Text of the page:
Most of the world’s cities were settled by happenstance. Way back when, a group arrived at a location and stayed because it had a number of distinct advantages – defensibility, transport routes (such as a waterway), or proximity to natural resources. For most of history, the development of infrastructure (shelter, canals, roads, etc.) also happened without a grand plan, with new layers being built on top of the old. Yet, as Jarmo Eskelinen of Future Cities Catapult said last Wednesday during a Global Entrepreneurship Research Network conference call, “cities are our most enduring human achievement.”
Today, cities around the world are growing faster and larger than ever before. In 1800, only 3 percent of the world's population lived in a city. A hundred years later, the number had grown to 14 percent, and by 2008, for the first time, the world's population was split evenly between urban and rural areas. In more developed nations, about 75 percent of people live in cities, and as development has expanded, so has urbanization. By 2050, 70 percent of the global population will be urban expects the Population Reference Bureau.
This explosive growth is occurring at the same time that new technologies – broadband connectivity, cloud computing, sensor networks, open data infrastructures – are unlocking massive streams of information about cities and their residents. While architects and urban planners are empowered to work smarter, new urban entrepreneurs are adapting these technologies in novel ways to meet local needs and turning every city into what the Institute for the Future calls a “unique civic laboratory” where “the forces of urbanization and digitalization are colliding in a global urban experiment.”
“The future is already here – it is just not very evenly distributed,” said William Gibson, an American-Canadian writer. At the forefront of the smart city evolution, which arguably began about a century ago when local officials began enacting zoning laws, is Songdo, Korea, not far from Daegu, the site of the recent GEC+. Built from the ground up and opened in 2009, the city is designed around open spaces. Sensors monitor everything from temperature to traffic patterns; garbage is sent automatically from houses and buildings via tubes to a central system that creates compost; virtual presence technology is built into schools and homes, and every building is designed to be sustainable and eco-friendly. Songdo is the best example of a city that communicates with its residents and within itself. It and other smart cities have had a dramatic impact on city leaders around the world, sparking a race to transform existing cities into such places.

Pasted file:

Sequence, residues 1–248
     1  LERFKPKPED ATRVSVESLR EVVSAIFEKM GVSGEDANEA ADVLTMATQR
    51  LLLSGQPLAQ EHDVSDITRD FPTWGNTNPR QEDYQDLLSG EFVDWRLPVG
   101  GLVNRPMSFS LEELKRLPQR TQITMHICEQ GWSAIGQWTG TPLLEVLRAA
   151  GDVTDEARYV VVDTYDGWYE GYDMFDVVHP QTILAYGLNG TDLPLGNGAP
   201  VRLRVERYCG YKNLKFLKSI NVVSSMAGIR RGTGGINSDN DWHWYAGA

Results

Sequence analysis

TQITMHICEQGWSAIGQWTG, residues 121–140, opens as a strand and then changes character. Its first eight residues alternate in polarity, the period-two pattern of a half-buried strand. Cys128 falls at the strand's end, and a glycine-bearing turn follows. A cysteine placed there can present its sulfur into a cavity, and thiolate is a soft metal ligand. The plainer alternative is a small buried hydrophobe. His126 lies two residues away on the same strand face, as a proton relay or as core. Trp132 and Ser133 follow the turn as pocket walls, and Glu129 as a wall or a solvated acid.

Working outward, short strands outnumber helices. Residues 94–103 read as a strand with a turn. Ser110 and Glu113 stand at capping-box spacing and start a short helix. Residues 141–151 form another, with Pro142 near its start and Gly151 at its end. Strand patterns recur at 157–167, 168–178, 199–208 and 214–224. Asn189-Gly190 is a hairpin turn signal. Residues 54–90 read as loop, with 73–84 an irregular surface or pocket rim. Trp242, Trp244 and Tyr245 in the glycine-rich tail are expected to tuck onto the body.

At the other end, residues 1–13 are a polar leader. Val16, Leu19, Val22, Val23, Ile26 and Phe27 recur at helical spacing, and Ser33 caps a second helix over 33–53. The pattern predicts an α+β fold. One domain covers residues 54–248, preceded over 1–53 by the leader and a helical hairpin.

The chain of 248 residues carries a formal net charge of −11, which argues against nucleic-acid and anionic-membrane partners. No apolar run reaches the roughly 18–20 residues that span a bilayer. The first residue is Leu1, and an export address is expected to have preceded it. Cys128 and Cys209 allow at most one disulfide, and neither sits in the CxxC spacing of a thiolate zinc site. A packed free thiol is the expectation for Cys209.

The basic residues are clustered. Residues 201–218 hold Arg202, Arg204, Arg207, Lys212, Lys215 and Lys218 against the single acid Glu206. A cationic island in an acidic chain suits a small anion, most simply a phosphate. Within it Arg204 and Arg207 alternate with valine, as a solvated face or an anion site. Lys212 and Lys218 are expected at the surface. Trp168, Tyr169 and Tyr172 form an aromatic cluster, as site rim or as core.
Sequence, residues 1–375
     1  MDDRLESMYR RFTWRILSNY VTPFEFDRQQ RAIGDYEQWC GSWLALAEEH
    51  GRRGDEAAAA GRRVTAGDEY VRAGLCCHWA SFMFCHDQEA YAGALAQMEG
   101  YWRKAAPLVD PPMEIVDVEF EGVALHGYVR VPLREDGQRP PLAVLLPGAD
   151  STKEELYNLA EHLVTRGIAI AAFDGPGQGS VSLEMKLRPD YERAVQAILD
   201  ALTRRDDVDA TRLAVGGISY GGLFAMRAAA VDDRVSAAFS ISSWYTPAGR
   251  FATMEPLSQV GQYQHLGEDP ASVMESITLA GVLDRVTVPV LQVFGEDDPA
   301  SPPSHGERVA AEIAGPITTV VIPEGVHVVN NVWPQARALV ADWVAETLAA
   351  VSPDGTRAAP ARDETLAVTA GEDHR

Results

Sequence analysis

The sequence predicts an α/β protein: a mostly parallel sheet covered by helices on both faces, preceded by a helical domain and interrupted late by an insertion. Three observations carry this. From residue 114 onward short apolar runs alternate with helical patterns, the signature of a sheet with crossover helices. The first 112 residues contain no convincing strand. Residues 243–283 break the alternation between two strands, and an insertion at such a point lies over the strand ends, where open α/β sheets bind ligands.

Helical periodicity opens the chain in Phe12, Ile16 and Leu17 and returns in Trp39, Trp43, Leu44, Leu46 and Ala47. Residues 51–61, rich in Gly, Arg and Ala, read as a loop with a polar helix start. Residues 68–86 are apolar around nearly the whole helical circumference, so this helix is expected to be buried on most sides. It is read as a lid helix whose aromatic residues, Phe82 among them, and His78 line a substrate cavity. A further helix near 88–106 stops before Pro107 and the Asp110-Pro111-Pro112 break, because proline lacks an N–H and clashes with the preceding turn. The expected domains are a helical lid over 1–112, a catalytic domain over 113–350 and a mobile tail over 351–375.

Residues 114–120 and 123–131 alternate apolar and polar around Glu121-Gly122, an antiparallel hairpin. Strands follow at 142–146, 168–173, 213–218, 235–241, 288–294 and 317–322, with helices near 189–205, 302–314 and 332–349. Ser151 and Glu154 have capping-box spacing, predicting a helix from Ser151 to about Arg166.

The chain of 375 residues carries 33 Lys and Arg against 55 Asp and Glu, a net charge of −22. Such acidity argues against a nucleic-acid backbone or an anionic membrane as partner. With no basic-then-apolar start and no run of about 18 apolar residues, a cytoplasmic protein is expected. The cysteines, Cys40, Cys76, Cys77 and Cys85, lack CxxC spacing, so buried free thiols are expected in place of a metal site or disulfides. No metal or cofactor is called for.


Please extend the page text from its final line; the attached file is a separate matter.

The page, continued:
Eskelinen highlighted three factors that the people who planned and built Songdo did not have to grapple with: legacy, speed, and readiness. Legacy: Songdo was built from scratch on reclaimed land from the sea – there was no legacy infrastructure or institutions. Speed: Songdo is a broadband, wireless city, able to quickly crowdsource data and run tests of potentially better ways of doing things. Readiness: Korea is one of the most developed countries in the world with a leading educational system – it has the competencies required to plan to and maintain a smart city.
But the world’s existing cities are not starting from scratch, can only go so fast, and may not be entirely ready. How do we transform an existing city into a future city? What impact would doing so have on the people who live there and the businesses that transact there? Future Cities Catapult is a collection of urbanists, data scientists, designers, and developers working to answer these questions. It’s Urban Innovation Centre in London brings businesses, universities and city leaders together with its world-class experts to analyze data, model and visualize city problems, and run on-the-ground demonstrators within its network of partner cities to test new approaches and working prototypes in real urban settings. After discovering which new ideas have the biggest impact, they seek to spread them far and wide to deliver better cities around the world.
A core Future Cities activity is advising city leaders on designing strategies for renewing infrastructure by integrating a wide array of technologies, such as systems for energy efficiency, renewable energy, connected vehicles, water and waste management, enhanced connectivity, and new ways of farming and manufacturing.
The effort to transform cities is generating demand for new products, new companies, and new skilled jobs. While governments have a leading role to play, private enterprises must ensure a robust pipeline of new technologies for urban applications. In the UK, for example, only 7 percent of national output comes from the digital sector, well behind Korea, the world’s leader, where the digital contribution to the economy is more than 11 percent. To propel digital development, Future Cities is working across a range of technologies in four broad areas:
- Connectivity: Internet of Things, distributed ledger technologies, decentralized web, 5G and low powered wide area networks
- Data: trust, privacy, identity and security, blockchain and cyber-security
- Intelligent: machine learning and artificial intelligence
- Immersive: virtual reality, augmented reality, haptics and new forms of human machine interface.
“Building open, agile, and smart cities,” Eskelinen said, “raises many, as yet unanswered questions about data (some will have it in droves, others will struggle to obtain enough); security, privacy, and consent; open platforms; and new digital ecosystems.”
In seeking to develop frameworks for studying such questions, GERN’s members are at the cutting edge of the future – which is already here for the people of Songdo and those other leading smart cities, but is arriving with accelerating speed across the globe.
Photo credit: Flickr